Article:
Childbirth in the United States is far riskier for women than it ought to be. In a yearlong investigative series, NPR and ProPublica looked into why a woman in America is three times more likely to die in childbirth than a Canadian woman and six times more likely as a Scandinavian. If the nation wants to improve, it should look to California.
The reasons for the U.S. deaths appear to include complacency and a shift in focus from maternal health to fetal health.
“Into the late ’60s and really through the ’70s, the technology of being able to care for the fetus became huge,” said William Callaghan, chief of the Maternal and Infant Health Branch in the Division of Reproductive Health at the Centers for Disease Control and Prevention in a recent article in the series. “People became really enchanted with the ability to do ultrasound, and then high-resolution ultrasound, to do invasive procedures, to stick needles in the amniotic cavity, and everything did revolve around the baby.”
As a result, infant mortality is at an all-time low while maternal mortality rates have climbed. But California may have found a way to reverse the maternal mortality trend. A concerted effort begun in 2006 has cut the mortality rate of women in childbirth by more than half.
The key was a statewide campaign to bring together medical personnel, hospital administrators and public health officials to find solutions. The committee reviewed the details of every maternal death case for the previous five years.
It found that two common and very treatable complications — hemorrhaging and preeclampsia, pregnancy-induced high blood pressure — were responsible for many preventable deaths. The collaborative worked to develop standard training and care procedures for these complications.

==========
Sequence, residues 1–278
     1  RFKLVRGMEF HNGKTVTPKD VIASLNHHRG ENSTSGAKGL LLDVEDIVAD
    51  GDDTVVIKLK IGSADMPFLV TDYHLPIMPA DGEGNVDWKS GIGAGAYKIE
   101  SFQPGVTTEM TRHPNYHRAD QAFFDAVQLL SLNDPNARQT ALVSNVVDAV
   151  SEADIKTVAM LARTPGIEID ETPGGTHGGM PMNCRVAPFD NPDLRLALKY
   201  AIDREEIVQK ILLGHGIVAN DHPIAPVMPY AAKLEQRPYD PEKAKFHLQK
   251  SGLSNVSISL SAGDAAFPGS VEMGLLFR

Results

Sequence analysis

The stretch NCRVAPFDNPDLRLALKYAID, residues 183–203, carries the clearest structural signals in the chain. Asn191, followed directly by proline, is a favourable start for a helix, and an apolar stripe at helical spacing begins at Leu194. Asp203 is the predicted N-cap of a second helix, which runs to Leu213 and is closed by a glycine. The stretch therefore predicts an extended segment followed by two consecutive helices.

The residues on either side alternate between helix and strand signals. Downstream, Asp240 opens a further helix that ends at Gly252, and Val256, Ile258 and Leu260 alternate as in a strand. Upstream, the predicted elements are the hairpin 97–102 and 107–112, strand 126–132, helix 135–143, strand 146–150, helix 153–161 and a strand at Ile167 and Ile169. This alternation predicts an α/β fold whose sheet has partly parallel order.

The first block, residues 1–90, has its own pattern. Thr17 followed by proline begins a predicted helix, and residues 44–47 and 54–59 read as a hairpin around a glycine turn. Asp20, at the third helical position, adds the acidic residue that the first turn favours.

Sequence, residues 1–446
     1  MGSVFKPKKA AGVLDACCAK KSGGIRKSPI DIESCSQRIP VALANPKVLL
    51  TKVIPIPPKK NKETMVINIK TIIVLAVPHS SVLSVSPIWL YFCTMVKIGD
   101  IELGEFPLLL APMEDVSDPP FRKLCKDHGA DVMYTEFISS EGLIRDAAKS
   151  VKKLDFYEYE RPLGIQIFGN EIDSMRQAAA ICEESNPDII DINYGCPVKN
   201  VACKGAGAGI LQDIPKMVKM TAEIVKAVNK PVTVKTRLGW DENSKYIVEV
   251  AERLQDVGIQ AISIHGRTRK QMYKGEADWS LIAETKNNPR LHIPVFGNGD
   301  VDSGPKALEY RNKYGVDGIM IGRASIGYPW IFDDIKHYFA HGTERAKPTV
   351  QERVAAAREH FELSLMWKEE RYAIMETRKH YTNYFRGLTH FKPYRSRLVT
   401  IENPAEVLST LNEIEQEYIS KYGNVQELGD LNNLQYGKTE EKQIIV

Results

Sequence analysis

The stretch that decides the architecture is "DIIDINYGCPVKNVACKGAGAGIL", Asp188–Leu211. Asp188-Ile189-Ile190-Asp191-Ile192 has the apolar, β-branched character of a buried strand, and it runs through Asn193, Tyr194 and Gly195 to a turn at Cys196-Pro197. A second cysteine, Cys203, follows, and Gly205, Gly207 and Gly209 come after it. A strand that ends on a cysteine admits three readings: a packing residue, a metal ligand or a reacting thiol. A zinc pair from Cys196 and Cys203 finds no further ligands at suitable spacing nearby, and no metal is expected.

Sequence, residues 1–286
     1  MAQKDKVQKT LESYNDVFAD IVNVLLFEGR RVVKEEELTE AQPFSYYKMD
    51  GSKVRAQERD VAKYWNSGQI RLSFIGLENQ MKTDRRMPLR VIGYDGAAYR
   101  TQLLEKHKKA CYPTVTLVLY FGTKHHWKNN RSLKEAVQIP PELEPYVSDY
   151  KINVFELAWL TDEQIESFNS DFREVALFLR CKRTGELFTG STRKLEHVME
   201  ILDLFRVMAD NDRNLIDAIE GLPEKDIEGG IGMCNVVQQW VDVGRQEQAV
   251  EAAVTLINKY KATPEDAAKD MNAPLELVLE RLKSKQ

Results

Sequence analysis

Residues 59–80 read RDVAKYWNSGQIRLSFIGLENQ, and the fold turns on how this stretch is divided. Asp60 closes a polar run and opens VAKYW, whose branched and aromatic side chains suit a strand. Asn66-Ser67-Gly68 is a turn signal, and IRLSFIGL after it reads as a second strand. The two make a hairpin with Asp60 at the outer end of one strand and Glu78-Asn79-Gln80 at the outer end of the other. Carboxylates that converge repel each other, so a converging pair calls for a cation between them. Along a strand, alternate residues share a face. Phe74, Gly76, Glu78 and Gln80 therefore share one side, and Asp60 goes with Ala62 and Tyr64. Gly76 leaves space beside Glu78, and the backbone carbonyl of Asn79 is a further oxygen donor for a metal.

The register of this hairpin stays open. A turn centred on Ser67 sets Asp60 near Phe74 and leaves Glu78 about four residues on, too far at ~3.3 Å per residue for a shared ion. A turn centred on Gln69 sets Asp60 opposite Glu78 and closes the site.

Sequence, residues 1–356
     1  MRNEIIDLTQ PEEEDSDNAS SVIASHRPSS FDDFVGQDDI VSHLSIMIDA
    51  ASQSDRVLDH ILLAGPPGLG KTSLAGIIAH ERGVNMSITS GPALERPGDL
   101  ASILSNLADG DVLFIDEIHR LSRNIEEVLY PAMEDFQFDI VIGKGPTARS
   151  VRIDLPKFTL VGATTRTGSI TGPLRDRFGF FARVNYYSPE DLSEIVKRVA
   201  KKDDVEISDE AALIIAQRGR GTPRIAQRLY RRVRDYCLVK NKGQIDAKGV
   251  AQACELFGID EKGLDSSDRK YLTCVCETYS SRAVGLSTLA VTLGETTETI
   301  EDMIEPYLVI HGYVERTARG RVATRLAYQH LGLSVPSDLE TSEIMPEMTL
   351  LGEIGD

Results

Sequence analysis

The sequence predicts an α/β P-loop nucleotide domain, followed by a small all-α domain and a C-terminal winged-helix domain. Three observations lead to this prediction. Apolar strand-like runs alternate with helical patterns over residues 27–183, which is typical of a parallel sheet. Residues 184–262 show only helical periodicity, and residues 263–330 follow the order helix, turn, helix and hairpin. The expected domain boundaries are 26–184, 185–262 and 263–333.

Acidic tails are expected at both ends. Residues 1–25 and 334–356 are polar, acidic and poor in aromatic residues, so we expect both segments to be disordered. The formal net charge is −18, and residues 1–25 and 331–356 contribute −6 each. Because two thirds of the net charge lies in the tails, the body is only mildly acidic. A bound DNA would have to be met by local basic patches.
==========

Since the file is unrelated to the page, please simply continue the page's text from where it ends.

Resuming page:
Instead of going into a delivery with the assumption that the mother will be fine, medical professionals now go into a delivery with the notion that every woman is at risk and with a clear set of procedures, toolkits and intensive training on how to deal with complications that might arise.
The result has been a 55 percent decline in the maternal death rate in seven years.
Across the nation, more than 700 women die every year from pregnancy- and childbirth-related causes, and 50,000 to 80,000 deal with life-threatening complications. The United States has the highest maternity death rate in the industrialized world. This is unacceptable.
The American College of Obstetricians and Gynecologists released a proposal earlier this year for revamping pregnancy and postpartum care. Obviously, this needs to be done, and California’s approach should become a model for the nation. If its results could be achieved nationwide, hundreds of lives would be saved, and thousands of women would be spared life-threatening complications every single year.
Not that everything falls on physicians. Patients have a role in ensuring a successful, healthy childbirth. Expecting mothers need to take care of themselves in line with their physicians’ recommendations before, during and after pregnancy. Obesity, not eating well, or consuming alcohol or other drugs are all factors that can cause complications for a fetus or infant.
The United States’ maternal death rate is shameful. There is no reason that giving birth in Sweden or Canada should be so much safer.
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